Its a challenge living on this earth. If you stop to look at the nature of these challenges, it can be overwhelming. Paralyzing even. But it doesn't have to be. And what is the alternative? To ignore this reality. This fate that we all share. We tend to go about our lives in this way. Ignoring the bottom line. Always trying to have a ground to exist on. Even though that ground is removed from the bottoms of our feet, flinging us into nothingness, we set back to build it again and again. What if there is no real ground? What if the true reality that we exist in, but hide from is in opposition to how we live? What will our experience be then? What is the sensibility in living a life where you live lives of separation, being one thing at home among family/friends, and another when at the workplace involved in obligations of labor that are meaningless? Meaningless in the sense of fullfillment. The American psychologisit Rollo May, "Many people feel they are powerless to do anything effective with their lives. It takes courage to break out of the settled mold, but most find conformity more comfortable. This is why the opposite of courage in our society is not cowardice, it's conformity." What does it take to get us to live? To live with the awareness of the world as it is that we all live in? To live wholesome existences, that are respectful of the world and accepting of its unseeing laws? Our lives become the deepest concentrations that aim to live so distant from the eternal source of our existence. We stray from our natural selves and get lost in the world at large. Things make sense for periods of time, but then they are shaken up. We attach so externally in beliefs and ideas that will bring us some type of security, any type of security. Whether religious, emotional, financial, and on and on. And these investments that we value in lasting forever, are met with the reality of change and we find ourselves lost. But its in this place of desperation, that the opportunity to begin can occur. To ask the questions that lead to a life of purpose in finding those answers that only our existential experience of seeing the reality of the universe, and taking the leap into it can find. Many of us in our hearts desire a life so wonderfully different than the one we bound ourselves to. And taking that first step is the scariest thing. But maybe what is at the root of this hesitation is relative to us all. Perhaps the fear of death, perhaps something else. But to begin at such a place as this, could possibly transform from the root, the core to above sending ripples that send currency into the will of our being to step thru all that holds us back. To arrive back at the beginning point of it all, becoming who we already were but deviated so far from at some point in our development.
The above is a morning reflection, written in the manner of automatic writing more or less. It is not an issue of being correct or incorrect. Rather, looking. At one's self, and relating to the world. If anything, trying. That is all that we can do anyways. Is try. Whose to say anyways whether another is right or wrong. I find it more beneficial to work on one's own experience, rather than being so concerned with that of others in this way, Let the fruit of the existential experience alone be the measure in the discerning of what works and what doesn't, what makes sense to one and what does not. I find more and more inspiration from various sources in the understanding towards this existential path. One of those recent ones I keep coming back to, or I find coming to myself is Buddhism. There are many levels to this school of thought. The teacher, writer, Pema Chodron for example, I find inspiring in how her story is a detailed description of my words above in how one is living a lifestyle of convention that is typical in its forgetfulness of the deeper nature of being, but when it was shaken up the drive became to asking those questions that only the world beyond the 'self' can answer. She was in her second marriage in her mid thirties, when her husband stated he was going to divorce her to be with his mistress. Chodron would discover that he accumulated a number of mistresses over the years, and she was devastated of course by this and the foresight of divorce and having children I am sure as well. She was traumatized with overwhelming feelings that were hard for to manage. The ground had disappeared from under her feet, and so began the desperate search to get any type of ground back. Chodron dabbled in various schools of psychology, spirituality, etc. and it was an article by the Tibetan Rinpoche Chogyam Trungpa that would hold the potential for this ground that she would soon dedicate her life to eventually for the years to follow up to the present. The article was on 'Working with Negativity". In it Chogyam described the paradox of how negativity can be a powerful energy, that can lead to one's transformation for the better. And how the 'negative, negativity' is the experience of negativity that should be avoided, in how one conjures up ideas of blaming others, or seeing one's self as a victim, etc. This is the essence of what draws me to buddhism in how it has one working with what is available to one at all times. One's self, and the world one lives in. My understanding of culture has led me to it's opposite, in that it's constructs condition and influence the distancing with reality, though portraying the image of what reality is. And its when the reality pulls the ground from under, that we experience the emptiness of its eternal space. Let this piece be of even the smallest homage inspired by Chodron of the constant reminder we all need in a world of forgetfulness, to live each moment possible with awareness. To see the paradox of the world in how what we think is good for us tends to be bad for us, and vice versa. And to rise above both into the unconditional experience of the present moment of each passing second and be here with it all. "Let everything happen to you: beauty and terror. Just keep going. No feeling is final."- Rainer Maria Rilke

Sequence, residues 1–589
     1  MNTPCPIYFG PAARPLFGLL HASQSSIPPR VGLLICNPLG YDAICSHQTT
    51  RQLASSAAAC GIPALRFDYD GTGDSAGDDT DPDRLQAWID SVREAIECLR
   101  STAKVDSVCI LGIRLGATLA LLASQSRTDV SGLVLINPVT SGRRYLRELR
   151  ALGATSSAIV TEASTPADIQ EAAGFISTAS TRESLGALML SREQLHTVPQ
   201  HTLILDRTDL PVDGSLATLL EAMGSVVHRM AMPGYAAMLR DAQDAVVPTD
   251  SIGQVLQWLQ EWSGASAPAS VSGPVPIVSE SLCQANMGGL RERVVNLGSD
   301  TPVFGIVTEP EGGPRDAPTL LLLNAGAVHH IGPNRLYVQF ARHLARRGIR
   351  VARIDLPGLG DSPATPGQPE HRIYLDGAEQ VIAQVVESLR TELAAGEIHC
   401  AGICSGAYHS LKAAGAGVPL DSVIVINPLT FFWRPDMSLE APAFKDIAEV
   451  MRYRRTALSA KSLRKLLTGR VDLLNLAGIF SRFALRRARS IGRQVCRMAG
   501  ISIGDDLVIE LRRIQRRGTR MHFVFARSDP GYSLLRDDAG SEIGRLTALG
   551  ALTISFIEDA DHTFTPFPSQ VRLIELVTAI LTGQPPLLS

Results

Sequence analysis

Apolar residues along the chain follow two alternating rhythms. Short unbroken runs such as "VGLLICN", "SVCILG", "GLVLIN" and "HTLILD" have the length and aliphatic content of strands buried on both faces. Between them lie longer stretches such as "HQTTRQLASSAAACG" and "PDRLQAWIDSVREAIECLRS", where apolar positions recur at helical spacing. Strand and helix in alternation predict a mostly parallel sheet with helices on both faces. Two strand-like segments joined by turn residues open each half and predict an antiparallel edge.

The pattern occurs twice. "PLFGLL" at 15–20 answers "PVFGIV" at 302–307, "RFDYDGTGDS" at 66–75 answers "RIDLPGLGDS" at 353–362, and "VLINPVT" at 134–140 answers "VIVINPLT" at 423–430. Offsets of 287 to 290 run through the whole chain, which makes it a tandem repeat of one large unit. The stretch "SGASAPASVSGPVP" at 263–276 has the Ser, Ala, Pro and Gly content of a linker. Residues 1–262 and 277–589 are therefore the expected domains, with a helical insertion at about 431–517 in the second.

The following words, written into the drawing, are those of Chodron's from her book "When Things Fall Apart"... "The difference between theism and non-theism is not whether one does or does not believe in God. It is an issue that applies to everyone, including both Buddhists and non-Buddhists.Theism is a deep-seated conviction that there is some hand to hold: if we just do the right things, someone will appreciate us and take care of us. It means thinking there is always going to be a babysitter available when we need one. We all are inclined to abdicate our responsibilities and delegate our authority to something outside ourselves. Non-theism is relaxing with the ambiguity and uncertainty of the present moment without reaching for anything to protect ourselves. We sometimes think that dharma is something outside of ourselves, something to believe in, something to measure up to. However, dharma isn't a belief; it isn't a dogma.
It is total appreciation of impermanence and change. The teachings disintegrate when we try to grasp them. We have to experience them without hope. Many brave and compassionate people have experience them and taught them. The message is fearless; dharma was never meant to be a belief that we blindly follow. Dharma gives us nothing to hold on to at all. Non-theism is finally realizing that there is no baby sitter that you can count on. You just get a good one and then he or she is gone. Non-theism is realizing that it's not just babysitters that come and go. The whole of life is like that. This is the truth, and the truth is inconvenient…
Relaxing with the present moment, relaxing with
hopelessness, relaxing with death, not resisting the fact that things end, that things pass, that
things have no lasting substance, that everything is changing all the time, that is the basic message"